Even based on what we can see with our eyes and with telescopes, it’s clear that the universe is a wondrous and mysterious place. Exploding stars, cosmic dust, comets and the richness of planetary colors are incredible in their own right. But what’s even more amazing is that there's much more about the Cosmos that we can explain but can't see.

The classic case is the speed of light. What’s incredible is not only its speed but also the fact that this speed is a constant and nothing can exceed it.

Albert Einstein worked out these properties of light in the early twentieth century through a series of what he called Gedankenexperimente, German for “thought experiments.”

Here’s an example. Imagine you’re in a car, about to go over a railroad crossing. A train is on the tracks at a right angle to you and is heading for the same crossing. As you approach the crossing, you realize that you will reach it at exactly the same time as the train. So you slow down just in time to avoid the crash.

Imagine instead that a friend of yours is on the other side of the railroad crossing from you. He’s further down the road you’re on and is watching you drive straight at him.

Now for the thought experiment: what if both you and the train were traveling close to the speed of light?

Your friend will see you thanks to light reflected off your car. If the speed of light was changeable, the light would reach you at the speed of light + the speed of the car. The light reflected off the train – which isn’t traveling towards you – would only arrive at the speed of light. In other words, your friend would see you reach the crossing before the train. How can your friend and you experience the same event differently?

Einstein realized counterintuitive situations like these could only be avoided if the following rules were followed. Firstly, light always travels at the same speed, no matter who’s observing it. Secondly, nothing can travel faster than the speed of light.

Cosmos Key Idea #7: Voyagers 1 and 2 carry our civilization through space.

Ever since Eratosthenes discovered that the earth was curved, explorers and travelers have been inspired by science to travel to discover new realms.

Nothing symbolizes our sense of discovery better than the voyages of the unmanned spacecraft that are traveling through our solar system and out into space.

NASA launched Voyagers 1 and 2 into space in September and August 1977 respectively. The two spacecraft were cleverly designed: they are made of millions of parts assembled redundantly. That means that if one part fails, another can fulfill its role.

For instance, each has three different kinds of computer, and each computer is itself duplicated.

Their power sources are intended to last. It’s kind of like having “a small nuclear power plant” on board. Energy is produced by the decay “of a pellet of plutonium.”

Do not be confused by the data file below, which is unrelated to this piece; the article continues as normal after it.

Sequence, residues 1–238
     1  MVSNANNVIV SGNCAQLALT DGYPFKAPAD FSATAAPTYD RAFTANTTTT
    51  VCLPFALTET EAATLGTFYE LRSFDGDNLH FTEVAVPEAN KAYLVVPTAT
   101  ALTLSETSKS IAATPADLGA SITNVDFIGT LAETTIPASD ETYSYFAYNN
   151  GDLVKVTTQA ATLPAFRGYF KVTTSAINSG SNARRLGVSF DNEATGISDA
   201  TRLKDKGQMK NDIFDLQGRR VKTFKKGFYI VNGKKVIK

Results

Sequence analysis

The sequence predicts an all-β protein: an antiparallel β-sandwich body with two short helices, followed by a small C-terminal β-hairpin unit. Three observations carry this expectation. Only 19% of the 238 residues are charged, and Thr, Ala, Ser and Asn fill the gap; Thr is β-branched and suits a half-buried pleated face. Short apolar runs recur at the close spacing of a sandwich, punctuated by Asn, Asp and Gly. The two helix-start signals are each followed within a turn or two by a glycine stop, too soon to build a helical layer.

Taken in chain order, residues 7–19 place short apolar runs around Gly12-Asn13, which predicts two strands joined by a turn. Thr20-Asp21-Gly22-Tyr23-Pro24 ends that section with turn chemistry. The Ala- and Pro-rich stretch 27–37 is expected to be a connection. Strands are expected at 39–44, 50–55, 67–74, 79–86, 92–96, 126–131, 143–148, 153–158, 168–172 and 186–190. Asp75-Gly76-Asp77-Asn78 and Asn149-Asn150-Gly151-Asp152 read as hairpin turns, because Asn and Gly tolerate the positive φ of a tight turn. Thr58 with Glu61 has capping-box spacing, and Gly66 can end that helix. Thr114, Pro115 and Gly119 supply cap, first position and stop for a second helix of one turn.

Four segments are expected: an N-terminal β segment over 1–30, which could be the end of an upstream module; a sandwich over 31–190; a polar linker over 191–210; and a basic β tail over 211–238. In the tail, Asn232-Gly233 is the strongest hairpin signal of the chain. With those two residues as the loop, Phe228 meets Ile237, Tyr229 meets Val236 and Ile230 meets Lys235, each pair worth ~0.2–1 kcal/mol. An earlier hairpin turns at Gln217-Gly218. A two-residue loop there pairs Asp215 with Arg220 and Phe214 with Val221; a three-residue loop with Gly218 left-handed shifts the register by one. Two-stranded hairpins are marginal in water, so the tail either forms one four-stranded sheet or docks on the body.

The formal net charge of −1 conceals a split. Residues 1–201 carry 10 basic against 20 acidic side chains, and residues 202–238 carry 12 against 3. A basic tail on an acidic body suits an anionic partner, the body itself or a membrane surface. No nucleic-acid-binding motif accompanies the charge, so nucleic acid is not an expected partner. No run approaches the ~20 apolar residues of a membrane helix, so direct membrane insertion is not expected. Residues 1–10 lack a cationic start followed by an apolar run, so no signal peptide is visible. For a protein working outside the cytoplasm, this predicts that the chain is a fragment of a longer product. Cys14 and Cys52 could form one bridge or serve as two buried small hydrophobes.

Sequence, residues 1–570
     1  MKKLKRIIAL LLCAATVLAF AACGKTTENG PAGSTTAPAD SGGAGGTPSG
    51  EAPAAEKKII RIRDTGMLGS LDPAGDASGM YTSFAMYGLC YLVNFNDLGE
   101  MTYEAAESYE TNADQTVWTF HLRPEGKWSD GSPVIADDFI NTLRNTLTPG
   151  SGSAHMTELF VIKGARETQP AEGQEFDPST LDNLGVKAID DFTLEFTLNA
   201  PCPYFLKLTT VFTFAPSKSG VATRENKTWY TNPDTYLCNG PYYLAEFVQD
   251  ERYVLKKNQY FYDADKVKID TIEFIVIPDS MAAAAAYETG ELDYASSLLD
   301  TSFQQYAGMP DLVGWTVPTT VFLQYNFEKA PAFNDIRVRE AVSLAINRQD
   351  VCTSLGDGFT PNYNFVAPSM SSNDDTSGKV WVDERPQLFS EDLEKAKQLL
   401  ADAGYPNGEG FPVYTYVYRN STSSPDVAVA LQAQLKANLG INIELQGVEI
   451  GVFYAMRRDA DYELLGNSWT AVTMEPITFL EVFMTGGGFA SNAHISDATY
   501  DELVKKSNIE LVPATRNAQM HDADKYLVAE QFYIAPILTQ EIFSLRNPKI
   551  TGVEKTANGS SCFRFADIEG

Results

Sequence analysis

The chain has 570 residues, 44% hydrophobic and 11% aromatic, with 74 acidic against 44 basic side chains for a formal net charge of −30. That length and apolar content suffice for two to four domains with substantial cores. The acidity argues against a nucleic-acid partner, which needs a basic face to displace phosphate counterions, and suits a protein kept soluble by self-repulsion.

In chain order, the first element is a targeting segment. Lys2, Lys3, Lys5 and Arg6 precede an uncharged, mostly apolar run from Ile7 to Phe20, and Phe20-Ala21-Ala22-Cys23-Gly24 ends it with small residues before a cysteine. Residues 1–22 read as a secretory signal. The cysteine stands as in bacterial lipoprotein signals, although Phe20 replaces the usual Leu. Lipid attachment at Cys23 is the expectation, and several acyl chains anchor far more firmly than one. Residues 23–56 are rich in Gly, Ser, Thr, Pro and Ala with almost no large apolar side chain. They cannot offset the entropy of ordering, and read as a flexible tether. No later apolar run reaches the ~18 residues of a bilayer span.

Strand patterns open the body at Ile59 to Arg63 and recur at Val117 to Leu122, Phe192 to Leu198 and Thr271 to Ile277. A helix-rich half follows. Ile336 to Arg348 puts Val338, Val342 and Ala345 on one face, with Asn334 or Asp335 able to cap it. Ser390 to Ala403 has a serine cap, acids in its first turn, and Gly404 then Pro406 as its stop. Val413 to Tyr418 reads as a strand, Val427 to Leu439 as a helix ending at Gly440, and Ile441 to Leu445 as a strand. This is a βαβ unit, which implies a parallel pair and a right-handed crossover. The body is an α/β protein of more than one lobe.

Both craft are supplying us with plenty of data too, including photographs that are sent back to earth using radio. Linda Morabito of the Voyager team was able to use some of these pictures in 1979 to discover an active volcano on Io, the innermost moon of Jupiter.

The Voyager crafts don’t just send us signals; they also carry information about the best aspects of humanity. The scientists decided upon this very carefully.

They were aware that should extraterrestrial life-forms intercept signals from earth, they would no doubt get very confused indeed. They would most probably pick up the signals from radio and television broadcasts. Their picture of earth would be a mix of advertisements for cars and detergents, blended with bursts of official messages sent in times of crisis and war. What would they think of us?

Now, there’s nothing we can do about those signals: they’ve already been sent.

However, the Voyager team decided to attach to each craft a gold-plated copper phonograph with a cartridge and stylus. On the aluminum record sleeves there were even instructions on how to play the records. The discs were filled with recordings on what NASA thought was unique and interesting about earth. They included information about the cerebral cortex and limbic systems in our brains, as well as greetings in 60 human languages. There was an hour of music from cultures all around the globe, as well as sounds from nature and modern technologies.

It’s a pretty broad selection of material. Perhaps the extraterrestrials who find it will admire our achievements. Or maybe they just won’t understand. At least we can say we tried.

In Review: Cosmos Book Summary

The key message in this book summary:

The Cosmos is a vast entity almost beyond understanding, but we do know it is filled with amazing and wonderful things. Over many centuries and thanks to much scientific research, we have learned that our earth is just one spot in the immense Cosmos. We now know our place, but astrophysics allow us to explore it bit by bit.